Yes, we live in troubling, sad — and rude — times.

The dilemma

ranchito2014

IF YOU GET into the Honda, stick it in reverse, back up till the car’s butt-side is sitting midway inside the opposite carport (The Nissan must be gone), look out the driver’s window, this is what you’ll see. It’s long been one of my favorite Hacienda shots, and this is not the first time I have photographed it.

I remain surprised at the greenery hereabouts since this is not the coastal tropics of Mexico. We sit high in the mountains in the middle of the country. Fruit off those banana trees are not edible, but the trees thrive and lend a romantic, sultry air. The house is just over 11 years old. We designed and built it.

THE DILEMMA

We have no children. Who will get this place after we are Promoted to Glory? This dilemma ultimately, of course, will be my child bride’s. Being 16 years her senior, the probability of my exiting first are overwhelming.

She has lots of Mexican relatives, of course — they all have lots of relatives — but many are, in my opinion, of highly questionable character. I have no will. Don’t need one because I own nothing. This house, the casita downtown and the condo in Mexico City are all in my child bride’s name. Same for the two cars. And financial resources in my name automatically go to her. So — got no Last Will & Testament.

She does have one, however, and we made it out years ago. Everything goes to her sister here in town. But that sister needs this place like she needs another cigarette in her mouth or another Coca-Cola in her hand. Plus, that sister is not a giving, loving soul. In short, I want this changed. But to who?

A top contender is a niece, about 30, who recently married a very good guy. Said niece already has two sons from previous “relationships,” and the idea that she’s the top contender tells you quite a bit about the other relatives. The marriage is only about 18 months old, and the jury is out on whether she will pull it off with this great guy that fell into her lap. I try to stay optimistic, though in truth I am not.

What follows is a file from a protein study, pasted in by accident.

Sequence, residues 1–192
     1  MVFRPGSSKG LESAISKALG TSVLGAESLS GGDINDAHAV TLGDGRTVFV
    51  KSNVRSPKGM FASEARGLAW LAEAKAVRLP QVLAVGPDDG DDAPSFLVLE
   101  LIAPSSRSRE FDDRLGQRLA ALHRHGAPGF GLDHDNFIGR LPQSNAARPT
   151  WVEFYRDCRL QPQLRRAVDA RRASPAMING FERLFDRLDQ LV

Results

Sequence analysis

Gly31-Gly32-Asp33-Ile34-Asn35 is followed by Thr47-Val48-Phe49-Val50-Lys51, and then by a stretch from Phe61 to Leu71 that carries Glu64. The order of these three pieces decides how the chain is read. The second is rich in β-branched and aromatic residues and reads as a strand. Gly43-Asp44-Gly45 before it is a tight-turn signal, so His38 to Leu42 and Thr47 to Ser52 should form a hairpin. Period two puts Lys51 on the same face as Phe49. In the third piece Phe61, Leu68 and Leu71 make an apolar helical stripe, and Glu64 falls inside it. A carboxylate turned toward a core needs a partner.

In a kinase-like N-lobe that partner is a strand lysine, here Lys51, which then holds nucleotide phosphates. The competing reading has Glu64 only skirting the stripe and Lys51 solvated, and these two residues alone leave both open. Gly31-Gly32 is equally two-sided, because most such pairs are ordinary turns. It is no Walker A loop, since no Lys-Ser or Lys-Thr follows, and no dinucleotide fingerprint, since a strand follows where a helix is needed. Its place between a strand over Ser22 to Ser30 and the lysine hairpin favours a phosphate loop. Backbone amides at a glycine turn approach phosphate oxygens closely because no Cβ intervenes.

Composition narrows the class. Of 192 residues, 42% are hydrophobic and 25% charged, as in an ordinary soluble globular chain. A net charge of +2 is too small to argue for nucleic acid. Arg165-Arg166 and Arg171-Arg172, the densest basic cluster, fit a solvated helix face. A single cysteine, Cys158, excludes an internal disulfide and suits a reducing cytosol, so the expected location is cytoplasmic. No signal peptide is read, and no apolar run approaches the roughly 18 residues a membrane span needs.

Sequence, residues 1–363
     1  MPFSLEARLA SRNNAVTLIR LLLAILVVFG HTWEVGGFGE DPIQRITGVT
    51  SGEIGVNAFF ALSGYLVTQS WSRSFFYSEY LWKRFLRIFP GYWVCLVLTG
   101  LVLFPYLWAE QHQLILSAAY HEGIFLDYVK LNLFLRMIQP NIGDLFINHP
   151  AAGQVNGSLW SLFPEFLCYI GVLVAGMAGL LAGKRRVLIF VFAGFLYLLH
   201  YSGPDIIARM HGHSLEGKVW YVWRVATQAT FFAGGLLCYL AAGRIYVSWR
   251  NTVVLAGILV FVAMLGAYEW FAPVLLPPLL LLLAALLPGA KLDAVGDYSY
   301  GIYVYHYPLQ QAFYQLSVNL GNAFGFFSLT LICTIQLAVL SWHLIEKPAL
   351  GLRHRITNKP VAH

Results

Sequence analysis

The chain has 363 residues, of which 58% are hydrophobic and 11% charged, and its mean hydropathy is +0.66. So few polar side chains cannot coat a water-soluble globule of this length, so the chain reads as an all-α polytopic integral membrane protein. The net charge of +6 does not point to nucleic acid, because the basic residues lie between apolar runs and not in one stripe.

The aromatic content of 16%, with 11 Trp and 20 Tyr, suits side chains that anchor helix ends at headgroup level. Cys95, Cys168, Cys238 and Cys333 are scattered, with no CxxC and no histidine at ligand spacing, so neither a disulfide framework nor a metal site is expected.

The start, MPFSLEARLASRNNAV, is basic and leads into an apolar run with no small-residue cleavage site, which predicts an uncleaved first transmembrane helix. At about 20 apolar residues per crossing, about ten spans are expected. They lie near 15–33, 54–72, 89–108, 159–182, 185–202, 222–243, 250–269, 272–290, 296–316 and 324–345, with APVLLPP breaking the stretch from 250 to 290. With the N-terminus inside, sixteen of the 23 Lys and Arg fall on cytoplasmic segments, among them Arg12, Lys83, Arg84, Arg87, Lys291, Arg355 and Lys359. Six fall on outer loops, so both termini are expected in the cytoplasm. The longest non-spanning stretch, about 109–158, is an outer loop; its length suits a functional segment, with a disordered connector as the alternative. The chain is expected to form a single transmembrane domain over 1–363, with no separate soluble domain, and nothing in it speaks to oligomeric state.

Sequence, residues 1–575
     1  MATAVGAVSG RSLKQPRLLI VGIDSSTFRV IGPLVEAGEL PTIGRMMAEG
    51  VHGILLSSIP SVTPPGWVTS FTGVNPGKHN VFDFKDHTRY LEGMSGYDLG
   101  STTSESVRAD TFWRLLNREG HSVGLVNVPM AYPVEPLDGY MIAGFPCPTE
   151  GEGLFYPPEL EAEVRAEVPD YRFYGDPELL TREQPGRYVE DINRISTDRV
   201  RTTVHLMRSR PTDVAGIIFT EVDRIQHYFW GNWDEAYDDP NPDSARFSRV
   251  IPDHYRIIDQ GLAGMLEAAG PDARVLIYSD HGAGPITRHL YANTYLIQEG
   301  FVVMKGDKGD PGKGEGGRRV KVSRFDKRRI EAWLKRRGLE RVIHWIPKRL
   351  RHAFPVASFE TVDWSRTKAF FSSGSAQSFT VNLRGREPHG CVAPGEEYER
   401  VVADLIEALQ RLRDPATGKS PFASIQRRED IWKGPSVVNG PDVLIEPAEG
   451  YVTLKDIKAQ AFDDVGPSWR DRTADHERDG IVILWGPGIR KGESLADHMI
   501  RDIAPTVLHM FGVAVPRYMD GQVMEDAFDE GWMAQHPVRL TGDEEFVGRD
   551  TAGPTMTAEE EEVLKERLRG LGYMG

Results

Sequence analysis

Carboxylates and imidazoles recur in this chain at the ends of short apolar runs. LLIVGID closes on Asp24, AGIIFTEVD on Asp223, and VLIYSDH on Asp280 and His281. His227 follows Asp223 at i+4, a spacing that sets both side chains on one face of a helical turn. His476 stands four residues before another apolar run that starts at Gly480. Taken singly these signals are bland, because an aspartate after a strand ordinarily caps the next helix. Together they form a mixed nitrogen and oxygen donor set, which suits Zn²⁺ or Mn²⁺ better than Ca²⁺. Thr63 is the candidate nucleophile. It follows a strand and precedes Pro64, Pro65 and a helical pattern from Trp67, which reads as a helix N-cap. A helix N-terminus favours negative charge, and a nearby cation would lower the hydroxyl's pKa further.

Another contender, who’s only 11 now, the adopted son of the above-mentioned sister, likely will be well set due to his mother’s many properties, places she inherited by pure luck. We favor this young fellow, but all the others could use a windfall far more than he could.

There are others too. Nieces, nephews, sisters, brothers. What likely will happen is that a number will be thrown into the pot, and the properties will have to be sold to split the spoils. I won’t care because I’ll be playing a harp or, even better, enjoying my 72 virgins. That will require converting to Mohammedanism at the very last moment.

It could get tricky.

Mexico has a Last Will and Testament Sale every September when the lawyers do them for half-price. We’ll be taking advantage of that in six weeks. To include yourself, send your name and vitals.

Peaches and the slow life

peaches

These are the actual peaches on the Hacienda tree.

THIS DAY dawned perfectly — cool, almost completely blue above, and stunning sunshine. This being the rainy season, we often do not dawn sunny, but today we did.

You’ve heard of slow cooking. Well, one of us (not the other) lives a slow life here at the Hacienda. This means nothing much gets done most days, and life tastes better for it. Some people thrive on activity. I am married to one of those people. Others thrive on the slow life. That’s the one she is married to.

But let’s move on to peaches. The peach tree in the yard is loaded. They are starting to drop on the grass, which I do not appreciate because it requires action, the antithesis of the slow life. If anyone in the area wants to pass by the Hacienda, you may have as many peaches as you can tote. Free.

I have a ladder. No charge for its use.

Have to contact me first because we do not answer the bell if we’re not expecting someone. Since the front gate is almost a block from the house, you can see how knee-jerk responding to a doorbell is also the antithesis of the slow life. Be warned, however, that these are not nice Georgia peaches.

To me, they are crappy peaches. They are to nice Georgia peaches what my bananas are to a fine crop from a banana republic. Poor excuses. But they are free. My child bride eats them and declares them passable. She has also eaten grasshopper tacos. Just so you know. Maybe you could make a peach pie.

There is also a pear tree, which is full, and the pears are pretty good. Take a few. The sour orange bush is loaded, and sour oranges serve some purpose, I am told. Take a few of them too.

Now pardon me. It’s time for a nap.